Nothing stays the same for long – these four things have changed in fishing the last ten years.
It seems like nothing stays the same anymore. Especially in regards to fishing. With so much information at hand, we are constantly changing how we fish, what we fish for, and where we fish.
In the 1970s, bowfishing with recurve bows was a fad that many enjoyed. Now, bowfishing has a new life that is growing in popularity for fisherman and hunters alike. There are boats setup with 40,000 lumen LED lights that light up the night sky, elevated decks to see fish easier, and silent onboard generators to keep everything running electrically. Tracker and others even have boats rigged just for bowfishing. Almost every archery manufacturer now has a line of bows just for bowfishing and everyone seems to have a new product to bolt on your bow to shoot fish.
You did not see this many people bowfishing ten years ago. Noted bowfishing expert Tammie Harwell Veach has noticed a rise in the popularity of bowfishing. Tammie notes that the flooding that Texas has endured the last few years is keeping her boys’ bowfishing business busy.
Technology in bowfishing reels, bows, and arrows along with the tremendous number of non-gamefish have made bowfishing more popular than ever. Tammie’s boys Corey and Chancy Veach shot the 4th largest alligator gar in Texas history at a whopping eight feet long and 208 pounds out of the Trinity River in Texas.
2. Fishing-specific kayaks
Everywhere you go you see a display of kayaks. You can now strap a kayak and pole to the roof of your car and in minutes be on the water fishing. The “millennial fisherman” wants an eco-friendly way to fish close to the suburbs. They want to experience fishing without mortgaging the house for a boat. Even if you don’t consider yourself a “millennial fisherman,” kayaks can get you to places you may not reach with another type of boat. Many smaller bodies of water do not allow a motor, so a kayak is often a great option to reach these out of the way locations.
I understand that people have been using kayaks and canoes for years, but in the last ten years, kayaks have come a long way. Modern kayaks have cup holders, minnow buckets, and rod holders in all the right places. There are a variety of sizes and seating options to choose from. The new models can accommodate one to two people and are lighter and easier to maneuver than ever before. There are larger inflatable kayaks for saltwater and small plastic models for freshwater. Maintenance is simple and you can load/unload by yourself depending on your abilities and model of kayak you have.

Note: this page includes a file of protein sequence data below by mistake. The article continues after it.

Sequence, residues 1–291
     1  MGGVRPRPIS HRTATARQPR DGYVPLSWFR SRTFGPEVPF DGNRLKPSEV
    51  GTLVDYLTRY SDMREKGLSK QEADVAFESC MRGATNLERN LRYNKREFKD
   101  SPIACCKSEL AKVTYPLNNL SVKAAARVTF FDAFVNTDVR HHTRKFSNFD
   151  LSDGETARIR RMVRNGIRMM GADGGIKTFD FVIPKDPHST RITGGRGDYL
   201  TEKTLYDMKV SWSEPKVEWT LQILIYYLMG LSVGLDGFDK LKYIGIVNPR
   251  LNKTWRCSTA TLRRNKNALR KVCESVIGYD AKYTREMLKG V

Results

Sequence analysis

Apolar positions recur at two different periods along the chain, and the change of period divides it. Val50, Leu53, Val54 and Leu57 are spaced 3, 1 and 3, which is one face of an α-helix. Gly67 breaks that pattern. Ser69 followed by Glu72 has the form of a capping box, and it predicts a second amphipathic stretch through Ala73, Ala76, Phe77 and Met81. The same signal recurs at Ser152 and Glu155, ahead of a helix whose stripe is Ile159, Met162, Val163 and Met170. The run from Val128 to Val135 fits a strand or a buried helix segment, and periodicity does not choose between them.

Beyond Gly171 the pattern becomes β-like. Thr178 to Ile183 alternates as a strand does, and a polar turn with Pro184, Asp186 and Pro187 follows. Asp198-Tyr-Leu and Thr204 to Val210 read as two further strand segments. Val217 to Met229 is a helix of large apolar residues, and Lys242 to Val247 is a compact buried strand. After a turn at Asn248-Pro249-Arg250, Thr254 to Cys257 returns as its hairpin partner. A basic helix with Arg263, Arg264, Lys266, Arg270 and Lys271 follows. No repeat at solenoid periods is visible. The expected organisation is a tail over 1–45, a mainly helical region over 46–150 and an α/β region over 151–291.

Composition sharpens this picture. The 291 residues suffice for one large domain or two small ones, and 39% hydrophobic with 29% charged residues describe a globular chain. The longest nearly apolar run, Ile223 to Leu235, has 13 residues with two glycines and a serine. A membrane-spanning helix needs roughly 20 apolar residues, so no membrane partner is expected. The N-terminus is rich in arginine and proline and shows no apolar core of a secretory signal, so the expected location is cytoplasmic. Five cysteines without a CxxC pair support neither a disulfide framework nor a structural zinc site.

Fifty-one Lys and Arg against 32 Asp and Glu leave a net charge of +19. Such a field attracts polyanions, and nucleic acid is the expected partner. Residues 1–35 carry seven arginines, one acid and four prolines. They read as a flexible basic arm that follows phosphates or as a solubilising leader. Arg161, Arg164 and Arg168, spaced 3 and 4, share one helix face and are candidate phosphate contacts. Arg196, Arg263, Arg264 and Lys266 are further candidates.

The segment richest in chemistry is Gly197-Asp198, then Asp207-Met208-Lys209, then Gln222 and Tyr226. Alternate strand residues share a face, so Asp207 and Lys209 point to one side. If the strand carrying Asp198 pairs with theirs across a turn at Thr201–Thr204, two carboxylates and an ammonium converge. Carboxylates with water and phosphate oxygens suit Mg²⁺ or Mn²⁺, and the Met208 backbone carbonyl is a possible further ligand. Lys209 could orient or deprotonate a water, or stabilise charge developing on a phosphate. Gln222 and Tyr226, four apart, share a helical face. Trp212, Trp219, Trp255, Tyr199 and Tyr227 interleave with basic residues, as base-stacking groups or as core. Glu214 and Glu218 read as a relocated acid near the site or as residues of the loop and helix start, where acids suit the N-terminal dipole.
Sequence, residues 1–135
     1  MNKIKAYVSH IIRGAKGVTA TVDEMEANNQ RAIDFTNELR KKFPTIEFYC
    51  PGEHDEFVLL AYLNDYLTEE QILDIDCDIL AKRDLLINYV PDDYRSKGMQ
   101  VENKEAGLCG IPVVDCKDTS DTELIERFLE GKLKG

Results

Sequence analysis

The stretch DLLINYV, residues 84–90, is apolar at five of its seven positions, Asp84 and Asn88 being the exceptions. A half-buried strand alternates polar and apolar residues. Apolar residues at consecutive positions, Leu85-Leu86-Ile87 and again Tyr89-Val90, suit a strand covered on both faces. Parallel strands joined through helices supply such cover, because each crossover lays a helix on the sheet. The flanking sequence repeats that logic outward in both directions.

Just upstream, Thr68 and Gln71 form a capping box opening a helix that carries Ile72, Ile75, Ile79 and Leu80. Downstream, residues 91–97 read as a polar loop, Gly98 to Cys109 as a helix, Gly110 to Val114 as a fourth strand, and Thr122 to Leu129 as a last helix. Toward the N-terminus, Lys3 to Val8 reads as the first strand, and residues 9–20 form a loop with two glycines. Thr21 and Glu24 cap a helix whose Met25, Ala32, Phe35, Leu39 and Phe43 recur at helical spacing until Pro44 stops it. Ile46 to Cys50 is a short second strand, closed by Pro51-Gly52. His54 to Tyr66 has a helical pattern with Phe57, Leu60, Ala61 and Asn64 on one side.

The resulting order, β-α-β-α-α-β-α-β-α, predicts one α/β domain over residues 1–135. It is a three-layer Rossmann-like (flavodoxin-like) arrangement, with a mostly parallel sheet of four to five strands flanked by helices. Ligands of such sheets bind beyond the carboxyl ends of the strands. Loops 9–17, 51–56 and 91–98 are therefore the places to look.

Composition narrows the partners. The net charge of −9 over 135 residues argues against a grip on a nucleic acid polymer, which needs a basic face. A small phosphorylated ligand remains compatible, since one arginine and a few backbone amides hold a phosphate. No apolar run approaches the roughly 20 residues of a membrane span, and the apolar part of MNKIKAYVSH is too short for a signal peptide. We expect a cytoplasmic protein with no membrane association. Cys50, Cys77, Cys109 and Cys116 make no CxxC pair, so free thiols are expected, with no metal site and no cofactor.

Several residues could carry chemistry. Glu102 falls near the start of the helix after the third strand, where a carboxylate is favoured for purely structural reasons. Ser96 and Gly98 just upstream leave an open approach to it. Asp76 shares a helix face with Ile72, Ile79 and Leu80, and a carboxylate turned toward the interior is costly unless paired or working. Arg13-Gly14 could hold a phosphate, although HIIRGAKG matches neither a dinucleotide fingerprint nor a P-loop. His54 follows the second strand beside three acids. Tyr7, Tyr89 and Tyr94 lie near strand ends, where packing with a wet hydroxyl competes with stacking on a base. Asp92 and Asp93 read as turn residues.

3. Shallow water anchoring systems
Ten years ago, these anchoring systems burst on the scene, and tournament fisherman everywhere knew immediately that it was a game changer. You could fish shallow water with a strong current without fighting with your trolling motor. Tournament fishermen love the fact that it is quick to extend and quick to retract – a simple push of the button and you’re locked in. A lot of fishermen are installing two so they can further stabilize the boat in high wind or compensate for heavier boats.
They are not cheap, but once you fish shallow water with them, you will want one. They soon become as prevalent as trolling motors. There is a model for most any type of boat and most manufacturers top out with 28-foot boats and or 4,500 pounds. You can install them yourself, but in many cases that may limit the warranty.
It is important for tournament fishermen to get in and out of the shallow water quickly because they are trying to catch a lot of fish in a short amount of time, therefore a shallow water anchoring system is a must. The weekend fishermen can catch more fish when they are not fighting the boat in shallow water.
4. Side scan fish finders
In many cases, charter fishermen just can’t imagine life without them. The ability to see what’s around the boat is what gives this technology its edge. In the past, “down sonar” gave fish finders the ability to see what was directly under the boat. With “side sonar,” the captain can view fish around bridge-columns or other structures.
Often charter boats use side scan to detect bait fish. Bait fish like mackerel are found outside the outer islands of Boston Harbor near structure. Once you locate a school, you move the cursor over the top of the Mackerel and mark a waypoint. You then can move the boat over the bait fish and use your down scan to detect the depth the fish are at, drop your rig to the exact depth the fish are holding, and you’re in the money.
Advancements in technology have made bowfishing, kayaks, hydraulic shallow water anchoring, and side-scan fish finders more prevalent. Much of that attributed to the fact that they simply work. Just ten years ago, few people were bowfishing or using kayaks to catch fish. Shallow water anchoring systems and side-scan fish finders did not exist. Who knows what we will see in another ten years?